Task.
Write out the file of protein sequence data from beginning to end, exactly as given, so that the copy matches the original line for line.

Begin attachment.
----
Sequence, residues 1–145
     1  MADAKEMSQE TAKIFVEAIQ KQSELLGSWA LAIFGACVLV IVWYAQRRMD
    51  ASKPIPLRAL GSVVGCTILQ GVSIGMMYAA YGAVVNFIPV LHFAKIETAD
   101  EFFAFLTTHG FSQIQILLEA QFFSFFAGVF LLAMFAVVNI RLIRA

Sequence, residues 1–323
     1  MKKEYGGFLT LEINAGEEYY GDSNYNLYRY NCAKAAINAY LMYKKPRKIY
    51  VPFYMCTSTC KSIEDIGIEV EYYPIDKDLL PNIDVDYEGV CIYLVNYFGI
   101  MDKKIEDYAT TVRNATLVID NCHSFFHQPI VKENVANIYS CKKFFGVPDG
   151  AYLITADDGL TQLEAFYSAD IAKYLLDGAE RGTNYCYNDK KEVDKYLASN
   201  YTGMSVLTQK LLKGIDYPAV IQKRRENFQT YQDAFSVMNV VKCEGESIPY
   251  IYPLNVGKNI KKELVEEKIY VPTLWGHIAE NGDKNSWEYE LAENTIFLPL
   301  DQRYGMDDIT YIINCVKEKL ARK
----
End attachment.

Sequence, residues 1–145
     1  MADAKEMSQE TAKIFVEAIQ KQSELLGSWA LAIFGACVLV IVWYAQRRMD
    51  ASKPIPLRAL GSVVGCTILQ GVSIGMMYAA YGAVVNFIPV LHFAKIETAD
   101  EFFAFLTTHG FSQIQILLEA QFFSFFAGVF LLAMFAVVNI RLIRA

Sequence, residues 1–323
     1  MKKEYGGFLT LEINAGEEYY GDSNYNLYRY NCAKAAINAY LMYKKPRKIY
    51  VPFYMCTSTC KSIEDIGIEV EYYPIDKDLL PNIDVDYEGV CIYLVNYFGI
   101  MDKKIEDYAT TVRNATLVID NCHSFFHQPI VKENVANIYS CKKFFGVPDG
   151  AYLITADDGL TQLEAFYSAD IAKYLLDGAE RGTNYCYNDK KEVDKYLASN
   201  YTGMSVLTQK LLKGIDYPAV IQKRRENFQT YQDAFSVMNV VKCEGESIPY
   251  IYPLNVGKNI KKELVEEKIY VPTLWGHIAE NGDKNSWEYE LAENTIFLPL
   301  DQRYGMDDIT YIINCVKEKL ARK